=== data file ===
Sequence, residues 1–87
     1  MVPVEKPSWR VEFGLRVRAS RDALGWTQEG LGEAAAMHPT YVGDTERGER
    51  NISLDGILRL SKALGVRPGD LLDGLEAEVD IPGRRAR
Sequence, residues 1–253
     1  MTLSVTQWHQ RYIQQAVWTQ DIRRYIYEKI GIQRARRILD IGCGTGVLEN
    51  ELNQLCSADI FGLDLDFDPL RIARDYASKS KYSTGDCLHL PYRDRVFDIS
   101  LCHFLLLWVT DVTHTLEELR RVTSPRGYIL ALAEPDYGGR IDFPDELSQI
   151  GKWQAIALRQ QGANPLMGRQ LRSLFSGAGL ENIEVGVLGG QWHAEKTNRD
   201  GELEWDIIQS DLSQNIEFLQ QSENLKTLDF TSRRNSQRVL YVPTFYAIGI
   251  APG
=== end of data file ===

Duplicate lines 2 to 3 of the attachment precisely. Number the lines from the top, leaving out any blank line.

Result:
     1  MVPVEKPSWR VEFGLRVRAS RDALGWTQEG LGEAAAMHPT YVGDTERGER
    51  NISLDGILRL SKALGVRPGD LLDGLEAEVD IPGRRAR